I remember three days of sleepless nights, agonizing over whether we really could be open or not.  Other congregations were closing and it seemed imminent that increased limitations for gatherings would soon be imposed.

March 15th, about 40 of us gathered in the sanctuary for what we knew would be our last in-person service for a while.  Several members were interviewed by the Frederick Newspost that day.  Colleen Baldree commented, “There’s so much chaos and concern and fear that has just bene growing and growing that I needed a grounding experience.  We needed to show support for one another but also just to be able to be reminded to not give in to the fear but to be reminded to rely on God and that we will be taken care of.”  Jenna Duranko commented, “In this time of chaos, honestly, church is definitely one of those places where people find comfort.”

As I look back on the past year, we, as a congregation, made a commitment to be the church.  Being the church did not rest solely on our ability to worship in the sanctuary or being physically present with each other in Bible study, Sunday School, and fellowship times.  We have been reminded over this past year that we are the church, no matter where we are.

Like many of you, I am still processing what we have experienced and learned over the past year.  Not just with the pandemic but also the other forces in our society that have shaped our lives – a volatile political climate and a renewed awareness of how many black people are killed on our streets and too often at the hands of those who have promised to protect us.

Yet, as Colleen and Jenna said, our faith and the church commuhnit6y has provided us with a grounding for dealing with the chaos of these days.  And the church will be there in the days ahead.

 

P.S.  Here’s a great article from The Atlantic that Jacqueline Messner shared with me that captures the essence of the grief we have experienced in the past year.

https://www.theatlantic.com/family/archive/2021/03/we-have-grieve-our-last-good-days/618233/

Worship Notes:               Fourth Sunday in Lent          One Great Hour of Sharing Sunday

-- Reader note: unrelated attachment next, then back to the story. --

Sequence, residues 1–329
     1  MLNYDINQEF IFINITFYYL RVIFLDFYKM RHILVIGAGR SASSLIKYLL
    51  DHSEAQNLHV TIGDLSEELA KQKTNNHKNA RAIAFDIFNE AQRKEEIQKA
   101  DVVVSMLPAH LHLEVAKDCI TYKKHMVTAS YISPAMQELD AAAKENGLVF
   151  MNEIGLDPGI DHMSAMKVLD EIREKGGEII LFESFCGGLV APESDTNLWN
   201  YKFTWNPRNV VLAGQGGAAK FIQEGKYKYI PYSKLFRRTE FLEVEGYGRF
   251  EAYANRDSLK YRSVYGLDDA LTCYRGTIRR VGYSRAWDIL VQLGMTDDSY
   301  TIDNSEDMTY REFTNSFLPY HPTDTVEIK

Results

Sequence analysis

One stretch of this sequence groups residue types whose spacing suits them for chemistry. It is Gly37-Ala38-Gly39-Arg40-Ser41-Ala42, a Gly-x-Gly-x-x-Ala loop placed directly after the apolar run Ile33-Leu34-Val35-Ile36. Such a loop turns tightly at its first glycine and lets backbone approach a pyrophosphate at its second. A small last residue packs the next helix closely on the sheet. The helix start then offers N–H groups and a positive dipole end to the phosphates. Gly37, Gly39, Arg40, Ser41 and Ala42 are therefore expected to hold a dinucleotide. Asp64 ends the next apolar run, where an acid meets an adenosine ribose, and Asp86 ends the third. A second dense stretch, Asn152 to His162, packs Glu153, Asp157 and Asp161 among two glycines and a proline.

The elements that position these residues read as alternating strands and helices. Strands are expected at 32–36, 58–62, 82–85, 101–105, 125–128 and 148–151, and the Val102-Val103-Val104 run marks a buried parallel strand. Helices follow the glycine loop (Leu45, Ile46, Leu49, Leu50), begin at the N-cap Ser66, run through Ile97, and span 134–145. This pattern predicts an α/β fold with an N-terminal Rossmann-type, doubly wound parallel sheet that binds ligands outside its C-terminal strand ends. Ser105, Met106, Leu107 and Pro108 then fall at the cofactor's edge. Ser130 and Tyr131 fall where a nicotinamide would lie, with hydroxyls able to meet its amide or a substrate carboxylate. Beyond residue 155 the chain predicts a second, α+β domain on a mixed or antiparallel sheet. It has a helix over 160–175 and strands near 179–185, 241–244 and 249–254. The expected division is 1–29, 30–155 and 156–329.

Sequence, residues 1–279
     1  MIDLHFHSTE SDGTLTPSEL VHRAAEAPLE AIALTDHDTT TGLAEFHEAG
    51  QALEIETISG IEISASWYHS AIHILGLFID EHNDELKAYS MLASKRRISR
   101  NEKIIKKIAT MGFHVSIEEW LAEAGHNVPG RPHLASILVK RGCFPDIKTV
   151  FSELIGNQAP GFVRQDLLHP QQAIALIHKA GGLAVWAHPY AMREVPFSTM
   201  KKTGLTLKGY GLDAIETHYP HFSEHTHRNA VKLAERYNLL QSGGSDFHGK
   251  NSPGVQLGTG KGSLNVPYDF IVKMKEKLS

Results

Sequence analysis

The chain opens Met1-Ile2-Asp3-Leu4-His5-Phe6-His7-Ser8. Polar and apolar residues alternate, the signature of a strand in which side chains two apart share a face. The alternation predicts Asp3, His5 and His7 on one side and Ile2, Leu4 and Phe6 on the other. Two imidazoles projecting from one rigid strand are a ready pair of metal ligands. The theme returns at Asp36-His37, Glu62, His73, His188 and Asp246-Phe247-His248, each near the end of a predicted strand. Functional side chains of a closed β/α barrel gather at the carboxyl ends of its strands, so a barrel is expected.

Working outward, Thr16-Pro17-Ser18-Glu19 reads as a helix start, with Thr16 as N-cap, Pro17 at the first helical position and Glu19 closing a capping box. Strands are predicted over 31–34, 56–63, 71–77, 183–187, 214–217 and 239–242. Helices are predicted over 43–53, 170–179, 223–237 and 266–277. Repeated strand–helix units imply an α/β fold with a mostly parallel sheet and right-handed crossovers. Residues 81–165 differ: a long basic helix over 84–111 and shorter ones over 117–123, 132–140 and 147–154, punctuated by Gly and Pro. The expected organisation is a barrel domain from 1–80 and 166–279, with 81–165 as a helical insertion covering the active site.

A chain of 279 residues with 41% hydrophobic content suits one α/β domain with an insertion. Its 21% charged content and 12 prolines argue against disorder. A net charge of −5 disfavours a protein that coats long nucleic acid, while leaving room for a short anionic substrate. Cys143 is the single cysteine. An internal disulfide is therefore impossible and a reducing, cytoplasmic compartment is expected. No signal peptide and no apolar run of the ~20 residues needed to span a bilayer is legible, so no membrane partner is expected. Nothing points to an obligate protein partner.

Isaiah 49:8–12 articulates a stunning vision for a world of justice and equity; a world where everyone has enough, and all live in safety and abundance. It is also a vision for a world of interconnectedness. In this vision, what is good for you is also good for your neighbor; what is good for one country is good for the whole world; and what harms any one of us harms us all.

This morning we will be receiving our One Great Hour of Sharing offering.

Food for Thought:   

“As it turns out, lines on a map don’t stop the spread of disease; a pandemic does not recognize human-made boundaries. Whether we like it or not, our lives are deeply intertwined. Our well-being is bound, inextricably, to that of neighbors close to home, and those halfway around the world.”  (From the One Great Hour of Sharing resources material.)

 

Rev. Dr. Barbara Kershner Daniel, Senior Pastor

Evangelical Reformed Church, United Church of Christ

15 West Church Street, Frederick, MD 21701

301-662-2762

E-mail: bkdaniel@erucc.org

 

ERUCC Pledges $25,000 to the Religious Coalition for Family Shelter Counseling Room

ERUCC Pledges $25,000 to the Religious Coalition for Family Shelter Counseling Room

With our goal of $25,000 we will be a sponsor of one of the counseling rooms, significant since members of our congregation including Melanie Hoffman, Anne McGreevy, Tina Baker, Cathie Duncan, and Cathy Zier worked in that building.

Thanks so much for the generous gifts we have already received.  ERUCC  rocks!

 

You can donate on-line or via check to ERUCC!  Thank you for your generosity.  https://erucc.org/give-to-erucc/ 

Bulletin  Sunday, March 7, 2021

Bulletin Sunday, March 7, 2021

CLICK HERE for the Sunday, March 7, 2021 Bulletin

Worship

Third Sunday in Lent
Psalm 19 “Let the words of my mouth and the meditation of my heart be acceptable to you, O God.”
With the image of God as a rock, the end of the Psalm 19 uses an image from Creation for God that alludes back to the Creation language at the beginning of the psalm. Skies and rocks speak of God. The individual or leader who prays this psalm prays to live in dependence on God, and in harmony with all Creation.

John 2:13–22 speaks of Creation and justice in a different way. In the ancient world, the temple was understood as a microcosm of Creation. This relationship to Creation is evident in the architecture and decorations of the temple. Jesus cleansing the temple is a cleansing of Creation from injustice. In calling his body the temple, Christ holds together spirit and matter. The body is spiritual, is God’s temple. Christ’s body is a microcosm of Creation. If this is so, then Creation could be understood as the body of God.
We will share in Holy Communion this morning.  Have some bread and a cracker and a cup of water, wine or juice at your worship centers.